$ nc -u -l 7778

Open another terminal window and set up a simple UDP client to send text datagrams to port 7000 (application X). Assuming your IP address is 192.168.1.9 , you can do this using the command shown below. Type a text message and press ENTER.

$ nc -u 192.168.1.9 7000
hello                             (1)
1 Type your text message "hello" followed by ENTER.

In a few seconds, you should see that text message appearing on application Y terminal:

$ nc -u -l 7778                   (1)
hello                             (2)
1 You had already typed this in earlier.
2 Your text message "hello" appears here.

The text message went through the Unet to get there!

You may need to use the IP address of your machine (e.g. 192.168.1.9 ) for the UDP connection to send the text message, rather than localhost . This is because the UdpPortal binds to the default network interface, and not to the loopback network interface.

10.2. Video streaming using UDP portal

You can do some cool things once you have set up the UDP portal. Here’s one real-life example:

Say, you wanted to stream video through the Unet. If you have ffmpeg installed, you can set up a UDP video client listening on port 7778:

$ ffplay udp://192.168.1.9:7778

and you can stream a video ( movie.m4v ) over UDP to port 7000:

$ ffmpeg -re -i movie.m4v -an -s cif -r 6 -c:v libx264 -b:v 15k -f mpegts udp://192.168.1.7:7000?pkt_size=512

The various flags control the quality, frame rate, and encoding of the video, and the pkt_size option controls the size of the datagrams sent.

The ffmpeg flags need to be adjusted to suit your Unet (read the ffmpeg documentation!). You need to ensure that the links in the Unet can support the data rates needed for this video, based on the flags you select. We have demonstrated real-time video with a high-speed acoustic underwater link with data rates of about 40 kbps.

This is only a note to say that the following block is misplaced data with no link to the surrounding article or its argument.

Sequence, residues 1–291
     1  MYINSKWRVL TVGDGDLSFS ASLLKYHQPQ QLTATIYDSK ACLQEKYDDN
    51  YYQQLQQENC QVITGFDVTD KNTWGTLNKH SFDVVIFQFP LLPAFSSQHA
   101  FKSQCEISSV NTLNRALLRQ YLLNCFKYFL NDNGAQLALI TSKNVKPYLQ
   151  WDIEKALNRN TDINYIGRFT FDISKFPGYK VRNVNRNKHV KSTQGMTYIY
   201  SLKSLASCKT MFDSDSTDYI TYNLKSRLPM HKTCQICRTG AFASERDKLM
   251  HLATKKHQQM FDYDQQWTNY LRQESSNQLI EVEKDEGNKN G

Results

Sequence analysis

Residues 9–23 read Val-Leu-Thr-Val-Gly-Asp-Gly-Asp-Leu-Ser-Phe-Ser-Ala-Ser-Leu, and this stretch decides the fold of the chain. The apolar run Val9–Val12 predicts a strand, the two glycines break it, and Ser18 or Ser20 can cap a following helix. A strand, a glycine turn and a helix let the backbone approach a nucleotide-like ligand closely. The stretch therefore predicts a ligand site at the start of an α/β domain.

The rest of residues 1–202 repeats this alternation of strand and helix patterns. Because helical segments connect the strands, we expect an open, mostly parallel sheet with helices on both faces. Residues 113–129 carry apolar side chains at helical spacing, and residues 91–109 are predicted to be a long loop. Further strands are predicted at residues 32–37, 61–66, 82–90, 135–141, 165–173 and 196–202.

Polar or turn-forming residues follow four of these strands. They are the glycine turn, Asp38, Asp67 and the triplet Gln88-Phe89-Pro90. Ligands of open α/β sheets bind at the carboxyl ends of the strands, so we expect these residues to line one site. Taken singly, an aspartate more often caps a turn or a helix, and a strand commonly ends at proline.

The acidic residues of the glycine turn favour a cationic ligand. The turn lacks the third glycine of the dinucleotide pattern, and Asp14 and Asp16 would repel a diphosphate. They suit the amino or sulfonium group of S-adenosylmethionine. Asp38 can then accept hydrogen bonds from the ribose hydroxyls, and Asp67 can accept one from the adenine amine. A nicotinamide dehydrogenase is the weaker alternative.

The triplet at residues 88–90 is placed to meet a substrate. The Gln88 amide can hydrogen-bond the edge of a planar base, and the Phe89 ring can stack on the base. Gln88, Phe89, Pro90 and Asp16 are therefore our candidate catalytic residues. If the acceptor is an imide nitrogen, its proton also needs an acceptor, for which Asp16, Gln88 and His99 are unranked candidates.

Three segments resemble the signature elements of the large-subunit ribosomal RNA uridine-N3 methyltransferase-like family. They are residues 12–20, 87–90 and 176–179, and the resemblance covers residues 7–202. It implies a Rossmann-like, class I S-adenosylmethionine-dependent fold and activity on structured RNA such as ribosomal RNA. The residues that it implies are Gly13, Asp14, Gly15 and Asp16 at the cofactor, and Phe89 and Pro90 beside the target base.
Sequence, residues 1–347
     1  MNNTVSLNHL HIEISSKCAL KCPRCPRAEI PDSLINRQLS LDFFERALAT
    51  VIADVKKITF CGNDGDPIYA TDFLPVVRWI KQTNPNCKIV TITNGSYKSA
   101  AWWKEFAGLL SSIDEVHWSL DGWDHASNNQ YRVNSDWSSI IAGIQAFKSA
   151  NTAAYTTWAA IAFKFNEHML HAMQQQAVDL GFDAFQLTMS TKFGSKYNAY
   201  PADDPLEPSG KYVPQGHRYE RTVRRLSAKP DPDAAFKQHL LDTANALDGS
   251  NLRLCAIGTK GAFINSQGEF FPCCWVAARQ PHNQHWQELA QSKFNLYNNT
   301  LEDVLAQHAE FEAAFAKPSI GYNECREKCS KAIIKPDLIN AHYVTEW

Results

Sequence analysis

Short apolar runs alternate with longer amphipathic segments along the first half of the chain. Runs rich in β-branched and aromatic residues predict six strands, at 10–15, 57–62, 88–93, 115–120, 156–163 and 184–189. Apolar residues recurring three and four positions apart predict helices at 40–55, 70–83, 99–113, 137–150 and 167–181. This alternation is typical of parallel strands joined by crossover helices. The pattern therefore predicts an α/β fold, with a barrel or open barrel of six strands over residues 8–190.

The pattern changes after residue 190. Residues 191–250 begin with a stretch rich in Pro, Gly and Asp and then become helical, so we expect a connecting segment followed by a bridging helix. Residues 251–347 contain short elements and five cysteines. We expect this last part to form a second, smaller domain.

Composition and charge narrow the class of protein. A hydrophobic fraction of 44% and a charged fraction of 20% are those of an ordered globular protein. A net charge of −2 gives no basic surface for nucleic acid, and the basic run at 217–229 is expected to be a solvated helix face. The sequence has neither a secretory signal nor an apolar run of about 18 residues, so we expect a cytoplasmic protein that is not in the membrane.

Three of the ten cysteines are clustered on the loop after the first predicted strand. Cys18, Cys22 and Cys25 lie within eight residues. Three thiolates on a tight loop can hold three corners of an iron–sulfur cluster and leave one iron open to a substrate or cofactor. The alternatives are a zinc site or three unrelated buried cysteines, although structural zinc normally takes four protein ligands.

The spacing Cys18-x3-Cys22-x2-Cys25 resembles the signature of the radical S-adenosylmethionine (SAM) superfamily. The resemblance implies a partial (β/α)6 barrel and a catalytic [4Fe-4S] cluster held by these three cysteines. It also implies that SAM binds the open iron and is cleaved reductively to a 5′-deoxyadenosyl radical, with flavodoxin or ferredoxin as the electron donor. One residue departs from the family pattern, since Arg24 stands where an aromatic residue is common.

10.3. TCP portal

A TCP portal is set up using the Portal agent. The Portal agent is quite similar to the UdpPortal agent, but provides more flexibility through the fjåge connectors framework. We can use a TCP connector for our TCP portal.

Restart your 2-node network, and on node A set up a TCP portal listening on port 7000:

> container.add 'portal', new org.arl.unet.portal.Portal(7000);
> portal
<<< Portal >>>

[org.arl.unet.DatagramParam]
  MTU = 128

[org.arl.unet.portal.PortalParam]
  delimiters = [10, 13]
  link = uwlink
  peer = 0
  priority = NORMAL
  protocol = 0
  reliability = false
  timeout = 1000

On node B, create the other end-point of the TCP portal listening on port 7001:

> container.add 'portal', new org.arl.unet.portal.Portal(7001);

That’s it, your TCP portal is set up! Time to test it out!!

Open a terminal window on your machine and connect over TCP/IP to node A:

$ nc localhost 7000

Open another terminal window and connect over TCP/IP to node B. Type a text message and press ENTER.

$ nc localhost 7001
hello                             (1)
1 Type in your text message "hello", and press ENTER.

In a few seconds, you should see that text message appearing on the TCP/IP connection to node A:

$ nc localhost 7000               (1)
hello                             (2)
1 You had already typed this in above.
2 Your text message "hello" appears here.

The text message went through the Unet to get there!

The TCP portal is bidirectional, so you can type something on node A, and you should see it appear on node B. The UDP portal in Section 10.1 can also be set up as bidirectional by carefully configuring the peer , port , and clientPort parameters at both end-points.

10.4. Serial portal

Since the Portal agent uses the fjåge connectors framework, it can easily work with any type of connector. Since fjåge provides a serial port connecor, we can easily set up a serial portal on each of your nodes:

> container.add 'portal', new org.arl.unet.portal.Portal('/dev/ttyS0', 9600, 'N81');
Since many modern computers do not have serial ports, you may not be able to test the above code on your computer. If you have underwater modems with serial ports, you’ll need to replace the device name ( /dev/ttyS0 ) with the appropriate serial port device name to run this code. You can also customize the serial port baud rate ( 9600 ) and settings ( N81 ).

Once you have the serial portal set up on all nodes, you can connect to the node’s serial port using a serial terminal application (e.g. minicom ) and type text messages just like you did with nc during the TCP portal test.